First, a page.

After leaving the IAMAL, Dr. Smith literally moved next door to become director of the new Insect Attractants, Behavior and Basic Biology Research Laboratory (IABBBRL) (Fig. 1). This laboratory was established to develop non-chemical methods for controlling insect pests. Dr. Philip Callahan was one of the first scientists who transferred to the IABBBRL, focusing his studies on insect morphology and communication. He was formerly a member of the staff of the USDA, ARS Southern Grains Research Laboratory at Tifton, Georgia. Dr. Smith retired as director of the IABBBRL and from the USDA in late 1969, and was succeeded by Dr. D. L. Chambers who hired six new Ph.D.s: Drs. Milton Huettel (University of Texas, Genetics), Thomas Ashley (University of California, biological control), John McLaughlin (University of California, chemical communication), Patrick Greany (University of California, biological control), J. Sharp (University of Hawaii, flight behavior), and Norman Leppla (University of Arizona, rearing and reproductive behavior). The IABBBRL and IAMAL, renamed the Medical and Veterinary Entomology Research Laboratory in 1993, were combined to create the current Center for Medical, Agricultural and Veterinary Entomology, first under the directorship of Dr. Herbert Oberlander and then Dr. Kenneth Linthicum.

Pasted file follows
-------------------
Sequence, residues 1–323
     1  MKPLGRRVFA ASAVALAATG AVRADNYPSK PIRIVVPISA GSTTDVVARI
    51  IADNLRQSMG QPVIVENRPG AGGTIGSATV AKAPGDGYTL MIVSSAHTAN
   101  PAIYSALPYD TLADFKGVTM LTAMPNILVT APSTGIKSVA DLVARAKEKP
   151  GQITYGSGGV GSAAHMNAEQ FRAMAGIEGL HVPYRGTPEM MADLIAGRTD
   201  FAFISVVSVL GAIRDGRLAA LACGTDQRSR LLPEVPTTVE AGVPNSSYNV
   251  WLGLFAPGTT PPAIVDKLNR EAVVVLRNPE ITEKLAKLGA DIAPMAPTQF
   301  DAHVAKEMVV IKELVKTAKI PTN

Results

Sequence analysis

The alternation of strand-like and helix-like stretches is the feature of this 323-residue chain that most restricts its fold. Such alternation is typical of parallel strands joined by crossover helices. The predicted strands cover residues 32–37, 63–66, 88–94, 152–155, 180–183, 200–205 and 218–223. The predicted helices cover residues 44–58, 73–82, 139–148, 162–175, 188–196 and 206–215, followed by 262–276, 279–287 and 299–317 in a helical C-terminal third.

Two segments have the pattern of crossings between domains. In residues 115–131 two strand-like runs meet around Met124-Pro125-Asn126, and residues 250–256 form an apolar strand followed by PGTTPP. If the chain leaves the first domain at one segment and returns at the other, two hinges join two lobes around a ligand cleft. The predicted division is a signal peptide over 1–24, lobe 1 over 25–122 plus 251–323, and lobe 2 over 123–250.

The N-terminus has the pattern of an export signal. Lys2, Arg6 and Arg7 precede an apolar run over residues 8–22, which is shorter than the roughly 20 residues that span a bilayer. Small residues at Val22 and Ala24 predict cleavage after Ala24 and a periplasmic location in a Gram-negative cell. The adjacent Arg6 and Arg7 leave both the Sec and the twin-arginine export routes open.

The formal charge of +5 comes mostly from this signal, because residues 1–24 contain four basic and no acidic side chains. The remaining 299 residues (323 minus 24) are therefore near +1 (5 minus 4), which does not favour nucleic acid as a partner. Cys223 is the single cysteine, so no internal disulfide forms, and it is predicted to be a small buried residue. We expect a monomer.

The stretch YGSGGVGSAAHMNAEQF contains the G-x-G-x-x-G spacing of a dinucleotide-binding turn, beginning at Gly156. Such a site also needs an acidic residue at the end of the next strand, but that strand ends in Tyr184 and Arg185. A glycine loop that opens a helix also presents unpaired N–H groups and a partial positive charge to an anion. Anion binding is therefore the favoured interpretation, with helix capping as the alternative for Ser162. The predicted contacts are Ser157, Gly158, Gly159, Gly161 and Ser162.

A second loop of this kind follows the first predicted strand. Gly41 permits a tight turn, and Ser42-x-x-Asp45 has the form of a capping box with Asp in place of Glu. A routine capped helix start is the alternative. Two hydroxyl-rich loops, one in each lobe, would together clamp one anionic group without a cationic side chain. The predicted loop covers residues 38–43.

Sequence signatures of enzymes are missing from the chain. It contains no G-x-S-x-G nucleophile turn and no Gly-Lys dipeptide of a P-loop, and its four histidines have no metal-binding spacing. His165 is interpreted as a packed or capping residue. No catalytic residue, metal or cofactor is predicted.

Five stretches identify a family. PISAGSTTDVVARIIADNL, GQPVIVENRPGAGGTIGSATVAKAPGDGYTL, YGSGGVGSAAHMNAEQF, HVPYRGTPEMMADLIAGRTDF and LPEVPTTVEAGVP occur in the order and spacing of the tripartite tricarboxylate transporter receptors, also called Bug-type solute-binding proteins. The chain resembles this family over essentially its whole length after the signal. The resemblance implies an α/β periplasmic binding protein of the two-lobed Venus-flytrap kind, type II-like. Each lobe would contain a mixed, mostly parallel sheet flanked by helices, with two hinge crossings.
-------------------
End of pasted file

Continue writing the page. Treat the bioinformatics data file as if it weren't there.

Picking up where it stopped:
Dr. Smith developed progressively in his role as a scientific leader, not unlike others at the time, respected and followed because of his knowledge of entomology and willingness to share what he knew with scientists who earned his esteem. Although openly friendly and genuinely helpful to all members of his staff, he invested most of his attention in other senior scientists with whom he interacted frequently. He spent less time with junior scientists but it was a more formal time in history with greater separation between the generations. One staff member recalled that he an uncanny ability “to make me feel just as good leaving his office after he said no to my request as I felt when I entered!” In his earlier days as a scientist, as would be expected, Dr. Smith has been described by his cohorts as a ‘cut up” who enjoyed socializing as well as long hours working on his research. This probably contributed to his reputation of later being a great host with lots of important visitors. He continued this practice of alternating hard work with relaxation throughout his career. This work ethic earned him the admiration of his staff members whom he also expected to work hard and be accurate and honest in their research. They have described him as a brilliant, methodical and analytical man who could be tough if necessary. He routinely corrected the misperceptions of others, above and below his position, without malice and tested their understanding by asking questions for which he already knew the answer. He was considered to be kind and gentle but determined and somewhat complex, a task master who kept his staff “in line.” Political matters were not shared unnecessarily and he maintained confidentiality in conducting staff business. Dr. Smith was extremely protective of his staff members and did not allow them to be criticized, and his loyalty was reciprocated. He knew the “right” people and methods of negotiation to acquire resources for the laboratory. Dr. Smith was an unassuming yet exceptionally effective administrator.